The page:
A new model for the firm is on its way, says Virginia Rometty, chief executive of IBM
We are witnessing today an accelerating transformation of business and society, driven by an historic convergence of major technology shifts. In 2014 this will begin to transform not only the operations but also the model and purpose of the firm.
Our world has become pervasively instrumented and interconnected, with computation infused into things nobody would think of as a computer. There are more than a trillion interconnected and intelligent objects and organisms—including a billion transistors for every person on the planet. About 2.7 billion of those people are now connected to the internet, a number that is growing rapidly in every part of the world, thanks to the spread of mobile technology.
The result is a planet awash with information. It’s known as Big Data, with good reason. By one estimate there will be 5,200 gigabytes of data for every human on the planet by 2020. And powerful new computing systems can store and make sense of it nearly instantaneously. A new generation of “cognitive” systems, built for Big Data, can keep up with the flood because they aren’t programmed, they learn—from their own experience and from our interactions with them.
These systems can interpret not just the structured information in databases, but the unstructured data that make up 80% of what we generate—from medical images, video, sensor data and handwritten notes to the social data generated by people blogging, texting, posting and tweeting. And all of this is happening far more efficiently, effectively and with broader access thanks to the new computing architecture known as the cloud.
We call this a Smarter Planet, and over the past decade we have seen it transform industries and cities. In 2014 we will see the rise of a new model of the firm. Call it the “smarter enterprise”. These firms will do the things that organisations have always done: make decisions, create value and deliver value. But they will do them in new ways.
1. Smarter enterprises will make decisions by capturing data and applying predictive analytics, rather than just relying on past experience. We see this today in advanced decision-support systems like those enabling Rio de Janeiro, Singapore and other cities to become smarter. We also see the power of cognitive systems starting to transform cancer diagnosis and treatment at Memorial Sloan-Kettering Cancer Center in New York. In my own company we are applying analytics to acquisitions, employee retention and real-estate decisions.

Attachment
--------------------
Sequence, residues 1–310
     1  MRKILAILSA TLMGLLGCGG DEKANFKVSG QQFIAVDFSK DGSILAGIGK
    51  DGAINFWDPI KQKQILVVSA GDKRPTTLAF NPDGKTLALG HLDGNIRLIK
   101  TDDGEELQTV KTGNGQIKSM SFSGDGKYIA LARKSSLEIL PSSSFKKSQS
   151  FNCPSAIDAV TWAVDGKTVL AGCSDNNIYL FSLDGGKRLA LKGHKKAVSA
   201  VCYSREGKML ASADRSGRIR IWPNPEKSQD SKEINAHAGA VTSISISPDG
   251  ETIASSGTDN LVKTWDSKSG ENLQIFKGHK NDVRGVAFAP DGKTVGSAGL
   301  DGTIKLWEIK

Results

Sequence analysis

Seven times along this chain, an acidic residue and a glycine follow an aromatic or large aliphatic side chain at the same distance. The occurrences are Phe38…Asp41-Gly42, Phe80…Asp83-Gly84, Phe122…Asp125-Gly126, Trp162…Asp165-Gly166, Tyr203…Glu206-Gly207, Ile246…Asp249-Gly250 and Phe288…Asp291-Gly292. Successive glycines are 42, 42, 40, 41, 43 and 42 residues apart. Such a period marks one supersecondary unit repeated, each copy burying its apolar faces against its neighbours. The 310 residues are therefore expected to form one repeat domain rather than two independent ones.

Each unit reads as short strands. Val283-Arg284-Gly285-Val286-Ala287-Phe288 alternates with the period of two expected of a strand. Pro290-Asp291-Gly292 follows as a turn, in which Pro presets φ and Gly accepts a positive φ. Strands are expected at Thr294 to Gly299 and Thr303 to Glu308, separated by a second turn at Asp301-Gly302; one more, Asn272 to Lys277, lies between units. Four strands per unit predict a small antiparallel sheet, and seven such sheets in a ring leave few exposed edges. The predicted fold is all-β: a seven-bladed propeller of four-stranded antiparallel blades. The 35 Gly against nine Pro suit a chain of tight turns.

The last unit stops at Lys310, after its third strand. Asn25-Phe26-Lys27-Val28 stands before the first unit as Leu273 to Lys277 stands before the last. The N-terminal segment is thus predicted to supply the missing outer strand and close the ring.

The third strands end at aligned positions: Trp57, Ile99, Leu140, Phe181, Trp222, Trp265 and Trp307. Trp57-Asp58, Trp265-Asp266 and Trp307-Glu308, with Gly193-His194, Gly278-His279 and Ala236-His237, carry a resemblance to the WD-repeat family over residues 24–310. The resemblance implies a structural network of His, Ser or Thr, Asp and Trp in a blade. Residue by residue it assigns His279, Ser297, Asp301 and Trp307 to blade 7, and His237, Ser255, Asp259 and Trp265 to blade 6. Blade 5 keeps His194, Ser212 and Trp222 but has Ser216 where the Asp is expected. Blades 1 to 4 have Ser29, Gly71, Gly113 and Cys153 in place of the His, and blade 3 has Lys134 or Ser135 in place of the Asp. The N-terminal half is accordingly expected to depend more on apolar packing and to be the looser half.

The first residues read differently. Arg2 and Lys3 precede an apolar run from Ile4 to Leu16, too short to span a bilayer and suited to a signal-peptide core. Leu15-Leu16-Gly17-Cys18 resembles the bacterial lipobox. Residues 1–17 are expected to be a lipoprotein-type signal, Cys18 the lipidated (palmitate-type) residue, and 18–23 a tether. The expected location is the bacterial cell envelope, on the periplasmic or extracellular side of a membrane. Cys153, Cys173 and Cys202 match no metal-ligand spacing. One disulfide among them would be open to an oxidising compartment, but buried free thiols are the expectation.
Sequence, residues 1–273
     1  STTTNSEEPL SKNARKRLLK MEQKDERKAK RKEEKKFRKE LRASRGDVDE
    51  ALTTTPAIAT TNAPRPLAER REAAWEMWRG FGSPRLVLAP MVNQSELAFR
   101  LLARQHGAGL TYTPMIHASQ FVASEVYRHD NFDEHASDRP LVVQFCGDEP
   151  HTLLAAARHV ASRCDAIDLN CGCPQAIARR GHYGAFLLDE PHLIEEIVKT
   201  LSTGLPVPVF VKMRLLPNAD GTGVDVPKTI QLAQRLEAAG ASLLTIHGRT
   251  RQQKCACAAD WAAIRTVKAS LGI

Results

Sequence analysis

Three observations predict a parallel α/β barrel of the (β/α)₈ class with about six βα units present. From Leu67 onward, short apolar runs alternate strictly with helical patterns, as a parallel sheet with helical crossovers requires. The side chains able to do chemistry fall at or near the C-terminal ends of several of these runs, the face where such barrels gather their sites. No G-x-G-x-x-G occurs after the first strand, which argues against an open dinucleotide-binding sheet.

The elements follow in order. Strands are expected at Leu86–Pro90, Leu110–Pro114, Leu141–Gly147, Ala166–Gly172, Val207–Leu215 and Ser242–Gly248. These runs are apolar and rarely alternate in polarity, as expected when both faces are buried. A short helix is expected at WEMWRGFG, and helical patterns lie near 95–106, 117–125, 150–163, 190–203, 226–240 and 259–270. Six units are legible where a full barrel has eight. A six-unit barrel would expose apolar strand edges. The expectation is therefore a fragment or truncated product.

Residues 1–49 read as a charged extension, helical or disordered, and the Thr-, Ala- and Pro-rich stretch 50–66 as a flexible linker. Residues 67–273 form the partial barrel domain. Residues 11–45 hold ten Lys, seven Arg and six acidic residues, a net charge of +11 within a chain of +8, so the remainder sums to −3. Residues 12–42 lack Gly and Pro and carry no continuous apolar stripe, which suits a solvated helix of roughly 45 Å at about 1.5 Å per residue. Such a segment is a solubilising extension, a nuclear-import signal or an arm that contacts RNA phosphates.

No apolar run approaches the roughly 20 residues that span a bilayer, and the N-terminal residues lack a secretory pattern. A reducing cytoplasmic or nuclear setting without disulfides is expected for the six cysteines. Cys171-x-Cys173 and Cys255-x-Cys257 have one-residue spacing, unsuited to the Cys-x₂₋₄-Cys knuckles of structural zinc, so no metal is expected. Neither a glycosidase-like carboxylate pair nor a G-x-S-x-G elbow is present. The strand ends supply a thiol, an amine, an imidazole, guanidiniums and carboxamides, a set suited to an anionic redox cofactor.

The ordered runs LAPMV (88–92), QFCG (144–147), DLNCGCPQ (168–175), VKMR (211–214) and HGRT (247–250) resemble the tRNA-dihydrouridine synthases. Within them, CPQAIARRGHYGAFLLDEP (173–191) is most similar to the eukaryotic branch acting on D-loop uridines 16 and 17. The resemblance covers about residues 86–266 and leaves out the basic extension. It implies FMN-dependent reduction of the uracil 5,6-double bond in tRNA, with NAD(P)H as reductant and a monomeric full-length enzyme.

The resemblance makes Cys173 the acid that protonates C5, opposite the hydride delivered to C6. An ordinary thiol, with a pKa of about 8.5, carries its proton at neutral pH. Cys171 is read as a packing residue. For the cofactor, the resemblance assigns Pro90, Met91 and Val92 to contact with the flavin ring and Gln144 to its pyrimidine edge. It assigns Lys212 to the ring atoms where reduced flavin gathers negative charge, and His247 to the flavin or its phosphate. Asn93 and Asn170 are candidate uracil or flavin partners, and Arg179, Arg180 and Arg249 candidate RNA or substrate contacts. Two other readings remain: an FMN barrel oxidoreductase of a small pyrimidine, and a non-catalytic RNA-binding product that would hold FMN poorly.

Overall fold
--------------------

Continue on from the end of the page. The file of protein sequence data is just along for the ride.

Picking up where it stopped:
2. Smarter enterprises will create value by infusing intelligence into what they produce and how they produce it. Familiar products will become smarter, from cars to crops. But we will also see many new services and business models, such as self-driving cars covered by pay-as-you-drive insurance.
3. Smarter enterprises will deliver value not to demographic segments, but to individual human beings. This signals “the end of the average” in a firm’s relationships with customers, as we are seeing with forward-thinking marketers in industries from retail to telecoms. It will also transform relationships with patients, students, citizens—and employees, spawning a new workforce compact and redefining the science of management.
Such a company will be built on a new kind of foundation. Its it infrastructure will be based on analytics and the cloud. Its operations will be run via a social fabric, optimised for a mobile-first world. Its management systems will aim at individualised engagement with all constituents. And its leadership will be guided by the imperative of continuous reinvention.
Some today are daunted by the sheer scope of Big Data and the changes it is driving. Many are concerned about the issues it raises regarding privacy and security. Those questions are serious, and require serious technology and policy responses.
However, I believe the overall import of this new era is enormously hopeful. Data constitute a vast new natural resource, which promises to be for the 21st century what steam power was for the 18th, electricity for the 19th and hydrocarbons for the 20th. And the emerging smarter enterprise, tapping this resource, has the potential to be a powerful force for global economic growth, sustainability, democratisation and societal progress.
In the 20th century the firm’s purpose, according to the late Ronald Coase, was the reduction of transaction costs. But now transaction costs are rapidly plunging towards zero. The firm’s role will be less about co-ordinating work with greater efficiency and more about using the new natural resource of data to innovate with greater transparency and authenticity. That is a kind of enterprise, and world, that I am eager to see. It will take a big step forward in 2014.
From The World In 2014 print edition